Fantasizing, or even planning our death, puts all our attention and energy on a false belief of our own power. We suddenly feel ‘in-control’ of all the painful experiences in our life that previously were controlling us. However, this newfound power and control is only a deception. The intense focus on our death is actually exercising control over us by preventing our ability to fully experience life. Yearning to die provides us with an escape from facing our pain, but it comes at a cost. All our focus becomes tuned in on everything outside of us and we avoid dealing with our internal pain and problems.

Death is a part of life. Why is focusing on death a problem?

Death is a normal part of the life cycle. Some argue that it is even wise to prepare for death with planning and provisions. This is, however, very different from an individual trying to wrestle control over this naturally occurring process.

There is a very interesting logic that presents itself here, that in the more we learn to live with courage to face and manage our pain, the less we actually need to focus on controlling our death.  Death only becomes a problem when we try to step-in and take charge of its process, whereas left to its own devices, death is natural.

Our focus has to shift to become re-centered on learning how to manage all the pain and discomfort in our lives, instead of allowing it to drive us to focus on death as a means of escape. We must embrace those feelings and give them a voice, not authority to create a preoccupation within our minds.

How do I manage my feelings instead of thinking about dying?

Asking for help to learn healthy ways to cope and solve problems is a great first start to begin focusing our energy back on life. Learning to live full and meaningful lives essentially prepares us for a natural death that occurs without having to assert control over the process. We must learn to accept that pain is a part of our lives and is the backdrop to our happiness.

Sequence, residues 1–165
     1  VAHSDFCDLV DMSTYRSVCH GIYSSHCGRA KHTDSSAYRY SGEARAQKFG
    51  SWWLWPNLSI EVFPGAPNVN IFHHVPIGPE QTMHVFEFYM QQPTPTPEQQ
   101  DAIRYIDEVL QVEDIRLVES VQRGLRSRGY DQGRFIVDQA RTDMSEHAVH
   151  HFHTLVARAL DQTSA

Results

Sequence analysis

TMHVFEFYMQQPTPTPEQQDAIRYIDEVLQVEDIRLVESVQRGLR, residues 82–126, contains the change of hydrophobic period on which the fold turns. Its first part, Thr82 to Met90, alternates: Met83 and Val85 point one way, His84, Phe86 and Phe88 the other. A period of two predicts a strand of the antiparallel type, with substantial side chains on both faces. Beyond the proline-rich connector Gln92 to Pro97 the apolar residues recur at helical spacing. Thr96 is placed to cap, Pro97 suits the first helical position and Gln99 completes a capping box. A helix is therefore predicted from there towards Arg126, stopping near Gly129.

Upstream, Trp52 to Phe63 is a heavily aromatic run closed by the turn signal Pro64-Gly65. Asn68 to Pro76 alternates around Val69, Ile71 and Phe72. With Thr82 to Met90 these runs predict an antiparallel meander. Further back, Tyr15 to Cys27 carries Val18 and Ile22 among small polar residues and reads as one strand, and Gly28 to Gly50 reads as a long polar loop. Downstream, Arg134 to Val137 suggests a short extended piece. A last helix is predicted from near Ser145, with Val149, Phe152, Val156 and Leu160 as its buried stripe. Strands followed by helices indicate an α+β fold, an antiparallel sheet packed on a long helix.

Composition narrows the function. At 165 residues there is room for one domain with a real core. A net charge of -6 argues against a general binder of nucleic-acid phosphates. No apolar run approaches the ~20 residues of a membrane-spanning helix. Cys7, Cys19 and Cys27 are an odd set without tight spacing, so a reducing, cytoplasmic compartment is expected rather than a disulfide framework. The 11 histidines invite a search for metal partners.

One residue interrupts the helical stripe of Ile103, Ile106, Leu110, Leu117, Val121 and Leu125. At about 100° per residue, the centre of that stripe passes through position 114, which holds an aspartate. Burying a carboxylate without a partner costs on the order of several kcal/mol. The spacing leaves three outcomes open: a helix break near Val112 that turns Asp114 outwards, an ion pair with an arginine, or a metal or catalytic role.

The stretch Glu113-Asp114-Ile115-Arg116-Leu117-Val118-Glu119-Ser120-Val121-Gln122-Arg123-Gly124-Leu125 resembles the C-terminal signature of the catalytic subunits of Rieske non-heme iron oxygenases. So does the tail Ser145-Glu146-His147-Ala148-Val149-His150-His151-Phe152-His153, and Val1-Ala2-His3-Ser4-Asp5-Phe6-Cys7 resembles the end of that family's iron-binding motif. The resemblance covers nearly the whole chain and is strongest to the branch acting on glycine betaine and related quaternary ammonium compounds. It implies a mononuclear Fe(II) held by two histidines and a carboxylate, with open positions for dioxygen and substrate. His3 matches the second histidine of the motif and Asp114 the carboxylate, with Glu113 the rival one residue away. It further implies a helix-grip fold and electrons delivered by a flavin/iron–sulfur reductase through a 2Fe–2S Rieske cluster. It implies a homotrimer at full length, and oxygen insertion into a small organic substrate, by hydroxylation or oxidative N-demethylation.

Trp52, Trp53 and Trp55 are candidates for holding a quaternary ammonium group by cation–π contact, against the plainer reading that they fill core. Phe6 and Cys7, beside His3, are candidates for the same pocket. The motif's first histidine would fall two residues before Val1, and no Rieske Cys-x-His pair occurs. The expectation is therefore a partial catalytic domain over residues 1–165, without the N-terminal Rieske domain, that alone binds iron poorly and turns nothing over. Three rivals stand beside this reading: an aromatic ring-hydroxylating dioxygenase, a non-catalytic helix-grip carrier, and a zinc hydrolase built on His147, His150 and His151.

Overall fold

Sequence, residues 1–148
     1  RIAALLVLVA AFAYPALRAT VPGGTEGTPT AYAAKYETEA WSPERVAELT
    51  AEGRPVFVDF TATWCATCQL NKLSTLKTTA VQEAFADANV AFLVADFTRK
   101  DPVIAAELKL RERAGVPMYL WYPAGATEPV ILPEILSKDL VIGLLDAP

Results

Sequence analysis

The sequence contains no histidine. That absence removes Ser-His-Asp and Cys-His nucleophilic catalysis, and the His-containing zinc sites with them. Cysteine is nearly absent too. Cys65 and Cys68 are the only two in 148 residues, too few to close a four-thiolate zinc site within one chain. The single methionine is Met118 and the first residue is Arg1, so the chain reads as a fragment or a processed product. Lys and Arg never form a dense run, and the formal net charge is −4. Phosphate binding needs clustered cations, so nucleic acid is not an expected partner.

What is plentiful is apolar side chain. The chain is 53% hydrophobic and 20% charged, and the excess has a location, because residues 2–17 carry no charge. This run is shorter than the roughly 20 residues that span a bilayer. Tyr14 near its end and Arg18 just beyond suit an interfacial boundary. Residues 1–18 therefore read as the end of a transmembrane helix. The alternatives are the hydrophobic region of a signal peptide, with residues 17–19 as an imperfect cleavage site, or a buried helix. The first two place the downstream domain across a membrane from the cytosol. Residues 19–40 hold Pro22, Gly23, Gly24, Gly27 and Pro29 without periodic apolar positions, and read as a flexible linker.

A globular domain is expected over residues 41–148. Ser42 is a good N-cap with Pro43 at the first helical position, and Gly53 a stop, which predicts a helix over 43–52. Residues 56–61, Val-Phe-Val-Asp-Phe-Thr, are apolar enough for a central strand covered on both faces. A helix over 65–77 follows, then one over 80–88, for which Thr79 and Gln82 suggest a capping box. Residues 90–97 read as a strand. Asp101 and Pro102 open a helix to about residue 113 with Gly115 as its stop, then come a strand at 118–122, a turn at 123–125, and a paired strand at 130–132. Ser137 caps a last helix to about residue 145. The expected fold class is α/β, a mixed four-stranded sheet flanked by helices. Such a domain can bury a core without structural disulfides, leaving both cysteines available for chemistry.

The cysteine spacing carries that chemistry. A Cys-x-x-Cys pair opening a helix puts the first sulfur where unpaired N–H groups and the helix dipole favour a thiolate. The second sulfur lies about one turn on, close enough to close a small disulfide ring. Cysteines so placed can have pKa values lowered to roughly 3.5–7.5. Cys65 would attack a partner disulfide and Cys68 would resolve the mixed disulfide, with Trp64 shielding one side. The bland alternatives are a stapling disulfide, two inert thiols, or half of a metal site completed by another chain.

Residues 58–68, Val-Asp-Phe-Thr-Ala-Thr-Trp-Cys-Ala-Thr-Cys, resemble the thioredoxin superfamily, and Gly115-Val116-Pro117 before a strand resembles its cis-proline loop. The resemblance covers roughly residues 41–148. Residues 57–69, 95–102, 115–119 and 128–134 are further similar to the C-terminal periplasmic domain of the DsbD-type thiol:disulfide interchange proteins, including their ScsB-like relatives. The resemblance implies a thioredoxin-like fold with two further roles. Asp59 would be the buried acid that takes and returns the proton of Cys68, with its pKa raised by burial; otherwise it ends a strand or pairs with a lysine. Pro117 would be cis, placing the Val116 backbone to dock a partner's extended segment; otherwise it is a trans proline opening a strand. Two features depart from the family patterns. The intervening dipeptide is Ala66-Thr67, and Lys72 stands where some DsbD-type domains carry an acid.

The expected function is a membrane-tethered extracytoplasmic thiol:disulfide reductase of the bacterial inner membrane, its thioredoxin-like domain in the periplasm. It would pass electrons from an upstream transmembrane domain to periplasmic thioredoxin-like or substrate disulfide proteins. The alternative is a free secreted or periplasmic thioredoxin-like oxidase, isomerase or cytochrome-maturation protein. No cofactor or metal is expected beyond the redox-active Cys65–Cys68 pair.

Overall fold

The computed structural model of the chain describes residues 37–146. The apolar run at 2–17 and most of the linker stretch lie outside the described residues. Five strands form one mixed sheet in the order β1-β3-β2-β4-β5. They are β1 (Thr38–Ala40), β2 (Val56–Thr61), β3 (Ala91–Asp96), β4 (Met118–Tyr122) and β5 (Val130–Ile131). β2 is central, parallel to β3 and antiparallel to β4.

Taking control of and planning our death does not make the pain go away, it mostly just multiplies it and transfers it to someone else, often entire communities of people. However, with courage, newly learned coping and problem-solving skills, and the spirit of acceptance, we can be better prepared to accept what happens to us during our lives. Begin letting go of the need to control your death. It is not ours to control. Instead put the focus on managing all the feelings driving your energy to control your environment.

It may seem like death is the only answer or that it will cause all the pain to go away. However, this is a deceitful belief and simply not true. Being dead means just that, being dead. There is no relief. No joy. No painlessness. There is just nothing. You are a non-entity. The only true way to obtain relief from the pain is to learn how to live with meaningfulness, courage, and fulfillment. Death does not allow us a “re-do.” Death gives us no second chance to learn the necessary skills that allow us to enjoy our lives and create meaning in the path that we choose for ourselves.

What are my Options?

Have the courage to reach out for support. Support can come from a professional counselor, a spiritual leader or even a trusted friend. Accept the possibility that you have within you the courage to learn new ways of thinking, and feeling, and that there may be other solutions to manage your pain.

Consider that your pain might be more manageable then you initially think. Give someone a chance to help you re-examine your style of managing your pain and allow for new thoughts and coping skills to take effect.

Yes, it is hard to take that first step, but can you do it anyway?

Our friendly and understanding admissions counselors are waiting to take your call.

However, if you are in need of immediate assistance, don’t wait, call the number below:

National Suicide Prevention Lifeline at 1-800-273-8255 (1-800-799-4TTY).